The acting saves the slow moving crime drama True Story from being a dragged out snoozer. Based on a factual account of a murder and the discrediting of a rising star reporter at the New York Times, the film stretches the story making True Story lukewarm at best. While the movie has a disturbing plot involving a heinous killing, the nonchalant way the dastardly deed gets presented reduces the intensity of the unimaginable making it a side note to a con job. Even the long drawn out Casey Anthony trial was a lot more compelling than this “true story”.
The movie opens with New York Times reporter Michael Finkel (Jonah Hill) interviewing an African male who had purportedly been a witness to slave trading. Anxious to get the story to his editors, he does not check all his facts or the source. Finkel gets the cover of the New York Times Magazine and errors in the story are revealed leading to his disgraceful discharge.
With the announcement of the apology in the Times, accused killer Christian Longo (James Franco) uses Finkel’s name and position while fleeing to Mexico. When he gets extradited it comes to the attention of the real Finkel and Longo offers him the exclusive story of the murders of his family. So beings a drama involving one man’s pursuit of redemption and another man’s devious pathological chance for infamy.
Writer and director Rupert Goold takes a shot at instant fame with a high profile cast, a heinous crime and one of the most embarrassing acts by a reporter. But there’s not enough energy in the film to make it more than a Lifestyle news item. He stretches out his plot with repetitive banter between the two main characters and it slows down the film to a crawl at times. He sets up the audience early on with an exciting intro and great expectations then tones his film down as if we are being presented a transcript of the charges, quick scenes of the crime and the trial. The film was over by the midpoint and the finale fails to justify the ‘twist’ that you knew was coming all along.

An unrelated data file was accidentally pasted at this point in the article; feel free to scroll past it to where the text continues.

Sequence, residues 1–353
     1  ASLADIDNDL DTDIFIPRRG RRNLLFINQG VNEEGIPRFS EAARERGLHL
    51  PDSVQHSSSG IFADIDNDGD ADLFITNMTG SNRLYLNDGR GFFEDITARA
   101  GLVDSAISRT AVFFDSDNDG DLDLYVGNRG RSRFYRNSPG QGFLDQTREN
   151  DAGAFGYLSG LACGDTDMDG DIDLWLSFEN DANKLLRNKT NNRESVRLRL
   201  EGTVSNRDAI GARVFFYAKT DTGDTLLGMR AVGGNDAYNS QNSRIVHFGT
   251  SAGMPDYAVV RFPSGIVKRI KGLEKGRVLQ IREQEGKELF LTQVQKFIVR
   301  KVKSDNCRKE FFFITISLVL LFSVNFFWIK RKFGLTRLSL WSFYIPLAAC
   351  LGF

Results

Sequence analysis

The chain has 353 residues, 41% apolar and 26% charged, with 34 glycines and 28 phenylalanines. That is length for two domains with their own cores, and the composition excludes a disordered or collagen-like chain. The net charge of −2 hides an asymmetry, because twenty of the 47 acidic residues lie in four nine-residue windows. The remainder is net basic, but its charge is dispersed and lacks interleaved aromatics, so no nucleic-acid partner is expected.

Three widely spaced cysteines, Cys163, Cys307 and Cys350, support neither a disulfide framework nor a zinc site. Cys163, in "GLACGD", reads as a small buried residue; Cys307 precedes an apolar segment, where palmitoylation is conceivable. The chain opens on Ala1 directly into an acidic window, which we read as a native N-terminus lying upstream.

On the bright side, both Hill and Franco are brilliant in their dramatic roles even though they struggle at times to deliver Goold’s dull script. Hill hits the nail on the head as Finkel the disgraced Times reporter delivering some of his best serious acting since Money Ball. As Finkel he’s a guy who gravely failed in his reporting and will do anything to redeem himself. Even by taking a proposition from a wicked murderer to get exclusivity to his true story.
Franco plays Christian Longo with abandoned. He develops the monster showing his aloofness, austere and pathological façade while manipulating his lawyer and Finkel to get the notoriety he seeks. His emotion gets no more than a cold and calculating person and that does ring clear. You would have to go back to his performance in 127 Hours to find as good a dramatic performance as he lays out in True Story. If only the script of True Story had been more gripping he’d have another chance for Oscar honors.
True Story has been rated R by the MPAA for language and some disturbing material. Movie produced photos and video of the murders are ghastly and gruesome so beware. Be cautious when deciding to allow immature children see the film as it does have scenes that are inappropriate for adolescents.
FINAL ANALYSIS: No more than a Lifetime story for cable. (C )
Additional Film Information:
Cast: Jonah Hill, James Franco, Felicity Jones, Robert John Burke, Ethan Suplee, Gretchen Mol
Directed by: Rupert Goold
Genre: Crime, Drama
MPAA Rating: R for language and some disturbing material
Running Time: 1 hr. 40 min
Release Date: April 17, 2015
Distributed by: Fox Searchlight Pictures